“I don’t think guys in the NHL know what his ceiling is. A lot of guys, you know what their ceiling is. They’re kind of maxed out. I don’t think Todd’s even come close to maxing out what his ceiling is going to be.” –  Ice Dogs General Manager Rob Proffitt

In the fifth round (133 overall) the Ottawa Senators selected Maxime Lajoie. Listed at 6’0” and weighing 181 pounds, Lajoie is a left handed two – way defenseman, who played with the Swift Current Broncos in the Western Hockey League.

In 62 games with the Broncos this season, Maxime led all defensemen with 8 goals and 29 assists and had the fifth most points on the team.

A competitive two-way defenceman that earns his ice time and strives to be a difference-maker. Excellent skating technique: naturally mobile and able to start and stop on a pin’s head. Displays a deceptively accurate shot and is creative on the power play. Proficient playmaker and spots seams in traffic quickly. His habitually conservative style of play in his own end lets him make quick, high percentage decisions with and without the puck. Reacts to different pressure situations with poise and analyzes the situation very quickly to determine the right play to make. All-in-all, a versatile two-way defenceman that keeps his own game in check and plays to the extent of his capabilities. (Curtis Joe, EP 2016)

Eliteprospects

Report Cards!

The Draft is over, and before we get to free agency it’s time to find out which scouts did a “good” job and who missed the mark.

Ottawa Senators | Grade: B+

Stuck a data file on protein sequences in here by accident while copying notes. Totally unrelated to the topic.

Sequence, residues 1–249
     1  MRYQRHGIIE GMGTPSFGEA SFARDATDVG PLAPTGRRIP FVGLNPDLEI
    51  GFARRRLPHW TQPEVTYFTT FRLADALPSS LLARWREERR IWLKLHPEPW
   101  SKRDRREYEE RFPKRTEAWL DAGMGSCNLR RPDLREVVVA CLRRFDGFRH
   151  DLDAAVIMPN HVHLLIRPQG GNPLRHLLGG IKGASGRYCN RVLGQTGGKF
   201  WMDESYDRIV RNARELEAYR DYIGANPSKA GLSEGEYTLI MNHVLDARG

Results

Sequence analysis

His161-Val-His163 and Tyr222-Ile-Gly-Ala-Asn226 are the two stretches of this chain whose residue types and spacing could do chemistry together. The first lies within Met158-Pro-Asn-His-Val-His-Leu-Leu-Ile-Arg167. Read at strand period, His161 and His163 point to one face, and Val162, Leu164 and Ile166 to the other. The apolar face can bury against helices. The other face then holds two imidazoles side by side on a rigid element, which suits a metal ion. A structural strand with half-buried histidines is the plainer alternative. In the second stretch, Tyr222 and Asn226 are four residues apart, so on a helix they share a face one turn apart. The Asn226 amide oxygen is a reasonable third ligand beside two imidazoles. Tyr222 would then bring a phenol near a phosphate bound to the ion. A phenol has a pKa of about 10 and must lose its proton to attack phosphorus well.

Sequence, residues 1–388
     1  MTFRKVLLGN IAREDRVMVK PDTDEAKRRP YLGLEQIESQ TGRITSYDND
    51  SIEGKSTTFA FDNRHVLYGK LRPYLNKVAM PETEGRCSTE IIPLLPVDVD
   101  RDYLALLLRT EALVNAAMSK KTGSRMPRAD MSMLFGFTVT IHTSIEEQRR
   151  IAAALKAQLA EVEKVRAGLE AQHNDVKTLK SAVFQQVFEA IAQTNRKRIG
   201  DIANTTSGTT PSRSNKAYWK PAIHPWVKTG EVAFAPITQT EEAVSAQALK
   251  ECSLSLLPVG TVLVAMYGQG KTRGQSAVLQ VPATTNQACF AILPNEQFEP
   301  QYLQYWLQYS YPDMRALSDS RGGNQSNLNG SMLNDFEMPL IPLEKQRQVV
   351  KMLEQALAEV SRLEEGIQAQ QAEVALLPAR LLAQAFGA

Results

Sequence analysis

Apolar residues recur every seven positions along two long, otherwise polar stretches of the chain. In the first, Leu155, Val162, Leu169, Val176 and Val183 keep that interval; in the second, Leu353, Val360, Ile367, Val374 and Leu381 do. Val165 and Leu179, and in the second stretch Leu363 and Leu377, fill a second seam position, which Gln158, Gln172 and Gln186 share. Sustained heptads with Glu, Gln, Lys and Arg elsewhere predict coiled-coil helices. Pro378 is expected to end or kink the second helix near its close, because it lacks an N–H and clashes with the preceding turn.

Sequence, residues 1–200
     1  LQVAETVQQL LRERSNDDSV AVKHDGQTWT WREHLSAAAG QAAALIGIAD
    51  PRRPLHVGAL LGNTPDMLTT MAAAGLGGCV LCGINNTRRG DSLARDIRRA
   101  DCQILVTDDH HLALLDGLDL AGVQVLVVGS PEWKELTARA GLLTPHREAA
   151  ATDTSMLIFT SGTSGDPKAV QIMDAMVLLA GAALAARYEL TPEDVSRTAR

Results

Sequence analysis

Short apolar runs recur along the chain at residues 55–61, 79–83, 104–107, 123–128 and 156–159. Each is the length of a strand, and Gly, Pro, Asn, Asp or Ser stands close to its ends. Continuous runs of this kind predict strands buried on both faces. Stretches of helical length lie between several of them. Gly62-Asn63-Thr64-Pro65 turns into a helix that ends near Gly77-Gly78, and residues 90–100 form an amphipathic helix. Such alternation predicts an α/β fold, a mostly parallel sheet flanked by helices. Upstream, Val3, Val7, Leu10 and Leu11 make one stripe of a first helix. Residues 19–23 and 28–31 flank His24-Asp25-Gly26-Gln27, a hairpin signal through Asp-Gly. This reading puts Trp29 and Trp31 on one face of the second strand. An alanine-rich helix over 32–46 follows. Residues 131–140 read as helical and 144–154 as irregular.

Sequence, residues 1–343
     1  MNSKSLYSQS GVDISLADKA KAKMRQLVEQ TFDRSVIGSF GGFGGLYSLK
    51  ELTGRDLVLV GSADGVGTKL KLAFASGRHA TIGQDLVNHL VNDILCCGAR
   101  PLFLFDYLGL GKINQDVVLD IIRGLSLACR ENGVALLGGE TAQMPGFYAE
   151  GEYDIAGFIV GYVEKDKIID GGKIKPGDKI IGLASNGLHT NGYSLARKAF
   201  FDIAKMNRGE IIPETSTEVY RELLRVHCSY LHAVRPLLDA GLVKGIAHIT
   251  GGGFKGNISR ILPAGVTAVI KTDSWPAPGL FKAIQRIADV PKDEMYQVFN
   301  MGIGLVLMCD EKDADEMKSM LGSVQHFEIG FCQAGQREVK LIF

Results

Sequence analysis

The Senators were the last Canadian team to pick in the first round, but they helped their cause a little bit by trading up one spot and taking 6-foot-6 Logan Brown (11th overall), a pass-first centre who led Windsor with 53 assists this year.

Read the rest here

 

 

Ottawa has been criticized for conceding too much to its players, and that same argument can be made even before selecting Logan Brown at No. 11. Few doubt Brown will be an impact pro, and he possesses the qualities this team needs, but that doesn’t change the fact this is an asset management league.

The Senators showed a level of skittishness on draft night, and it cost them a future asset. New Jersey’s willingness to even entertain the idea of trading down one spot should have been enough of a tell that they planned on going in another direction at No. 11.

Grade: C+ the score

 

The Senators were looking for forward help. They got the best available in Brown and drafted accordingly in the later rounds.

Grade: B bleacher report

Injury updates

New Senators coach Guy Boucher had a chance to sit down with forward Clarke MacArthur.

“He’s healthy. That’s a huge part of the puzzle for this team. Gigantic. You can’t imagine,” Boucher said. “The players are unanimous about how important he is not just on the ice but off the ice. He makes this team jell. He plays the right way and has the guts to say the right thing when it matters.”

-Ottawa Citizen